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2008 Olympic Games Beijing - Men's High jump

 

 

Host City: Beijing, China Format: Top 12 and ties and all those clearing 2.32 metres advanced to the final.
Date Started: August 17, 2008  
Date Finished: August 19, 2008  
(Competitors: 40; Countries: 28; Finalists: 12)  
    Venue(s): Beijing National Stadium, Beijing
Overview by IAAF    2008_olympic_stadium.jpg
The qualifying height was 2.32, but only eight jumpers cleared 2.29, so a further four men with good countback at 2.25 were included. When the bar reached 2.32 in the final, only reigning champion Holm and Silnov had a perfect record. Both men went over 2.32 first time, but were preceded by the surprising Mason, a Jamaican transfer to Britain. He astounded onlookers by being the first over 2.34, and after Holm missed once, the Briton was joined by Silnov and Rybakov with first time clearances at 2.34. Silnov cleared 2.36 first time, and none of the others could get over that height, Holm, Spank and Bába all making desperation efforts at 2.36 without a 2.34 clearance. Silnov, the European Champion, had placed fourth in the Russian Championships, and was not initially selected for Beijing, but a 2.37 leap in London a week later convinced the Russian selectors to include him at the expense of Andrey Tereshin.
       
Summary by Sports-reference.com      
The automatic qualifying height of 2.29 (7-6) proved difficult and took out the 2007 World Champion Donald Thomas (BAH) and bronze medalist Kyriakos Iannou (CYP). The 2004 Olympic champion, Sweden's Stefan Holm, was back but had had a difficult year with injuries. In the final, Russia's Andrey Silnov was a comfortable winner, clearing six consecutive heights on his first attempt, finishing with 2.36 (7-8¾). He tried 2.42 (7-11¼) and had two close misses but could not get over the bar. Britain's Germaine Mason and Yaroslav Rybakov (RUS) both cleared 2.34 (7-8) on their first attempt, with Mason winning the silver medal based on fewer misses at lower heights. Holm placed fourth. For the first time ever at the Olympics, save 1980, no American jumper made the final. Silnov had not actually qualified for the Russian team at the Russian Olympic Trials, placing fourth, but his post-Trials performances led to his being placed on the team, in lieu of Andrey Tereshin, who had placed third at the Trials.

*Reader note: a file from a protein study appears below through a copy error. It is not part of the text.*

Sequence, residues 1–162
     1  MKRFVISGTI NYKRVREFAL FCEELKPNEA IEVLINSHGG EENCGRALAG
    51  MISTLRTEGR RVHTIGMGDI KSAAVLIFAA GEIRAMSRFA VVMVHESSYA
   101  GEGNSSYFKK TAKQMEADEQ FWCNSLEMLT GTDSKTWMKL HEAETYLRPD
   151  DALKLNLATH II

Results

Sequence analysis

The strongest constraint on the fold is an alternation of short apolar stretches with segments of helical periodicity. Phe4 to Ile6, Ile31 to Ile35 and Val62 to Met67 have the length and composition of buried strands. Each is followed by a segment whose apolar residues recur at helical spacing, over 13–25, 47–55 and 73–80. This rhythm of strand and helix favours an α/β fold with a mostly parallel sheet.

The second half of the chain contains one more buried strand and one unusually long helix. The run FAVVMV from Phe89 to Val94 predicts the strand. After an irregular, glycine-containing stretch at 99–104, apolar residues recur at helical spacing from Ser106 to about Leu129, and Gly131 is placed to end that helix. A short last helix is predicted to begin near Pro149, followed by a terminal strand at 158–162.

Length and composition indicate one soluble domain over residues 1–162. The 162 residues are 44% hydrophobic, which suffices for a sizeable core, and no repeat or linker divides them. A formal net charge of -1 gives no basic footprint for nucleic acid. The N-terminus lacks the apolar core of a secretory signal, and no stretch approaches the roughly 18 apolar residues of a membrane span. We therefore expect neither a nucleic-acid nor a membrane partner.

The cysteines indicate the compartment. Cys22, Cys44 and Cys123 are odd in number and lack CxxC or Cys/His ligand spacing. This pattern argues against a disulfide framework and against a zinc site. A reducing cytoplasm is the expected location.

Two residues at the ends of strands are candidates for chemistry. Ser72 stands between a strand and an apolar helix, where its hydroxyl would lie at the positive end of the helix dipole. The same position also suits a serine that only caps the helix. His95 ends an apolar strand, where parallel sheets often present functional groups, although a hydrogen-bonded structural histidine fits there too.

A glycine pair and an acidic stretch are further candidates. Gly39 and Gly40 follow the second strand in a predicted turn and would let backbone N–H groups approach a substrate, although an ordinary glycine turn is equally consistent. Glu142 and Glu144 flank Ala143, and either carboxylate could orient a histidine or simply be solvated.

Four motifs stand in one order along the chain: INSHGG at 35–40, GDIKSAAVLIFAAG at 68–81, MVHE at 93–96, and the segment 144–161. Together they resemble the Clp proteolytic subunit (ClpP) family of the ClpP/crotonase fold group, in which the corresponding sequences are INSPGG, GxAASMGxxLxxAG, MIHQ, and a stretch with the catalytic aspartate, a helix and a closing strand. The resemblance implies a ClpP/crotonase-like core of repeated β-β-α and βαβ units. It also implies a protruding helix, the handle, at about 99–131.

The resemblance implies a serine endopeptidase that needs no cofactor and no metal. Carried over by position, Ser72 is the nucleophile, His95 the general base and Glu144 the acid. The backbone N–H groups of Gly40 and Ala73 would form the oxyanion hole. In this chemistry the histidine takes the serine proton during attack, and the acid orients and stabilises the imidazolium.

Records

Prior to this competition, the existing world and Olympic records were as follows.

World record Cuba Javier Sotomayor (CUB) 2.45 m Salamanca, Spain 27 July 1993
Olympic record  Charles Austin (USA) 2.39 m Atlanta, United States 27 July 1996

No new world or Olympic records were set for this event.

 
        Results        

The men's high jump at the 2008 Olympic Games took place on 17–19 August at the Beijing Olympic Stadium.

The qualifying standards were 2.30 m (7.55 ft) (A standard) and 2.27 m (7.45 ft) (B standard).

Notably, reigning world champion Donald Thomas, who cleared 2.32 metres in Osaka 2007, finished only in twenty-first place, but failed to advance into the final round.

Men's High Jump - FINAL

 

Standing 1.96m tall, Andrey Silnov was literally head and shoulders above his opponents tonight as he completed a faultless competition up to 2.36m to win the men’s High Jump Olympic title. And to think he hadn’t even been selected by his National Olympic Committee!

The surprise European champion in Gothenburg 2006, Silnov had only managed fourth on count-back at the Russian national championships and as such had not been included in the team of three which would participate in the Olympic Games in Beijing.

However, he went on to set a personal best and world season lead 2.38m less than a week later in London, a performance backed by a 2.33m win in Monaco, which prompted selectors to make a very late change in the entry lists.

After what felt like a magic night, Silnov’s victory was never in doubt. Opening at 2.20m and deciding to take all the heights he had first time clearances at 2.25m, 2.29m, 2.32m and 2.34m before a jaw dropping clearance at 2.36m, a height which he cleared with massive daylight.

“This is a great moment in my life,” said Silnov. “And I want to say ‘Olympics, I love you.’ I was cheered up by Yelena’s (Isinbayeva) gold. Tonight I tried my best. It felt easy, there was not much pressure.”

Jamaican born Germaine Mason of Great Britain and Yaroslav Rybakov of Russia were the only other two capable of mastering 2.34m on the night with silver going to the former World junior champion whose British citizenship was granted in 2006.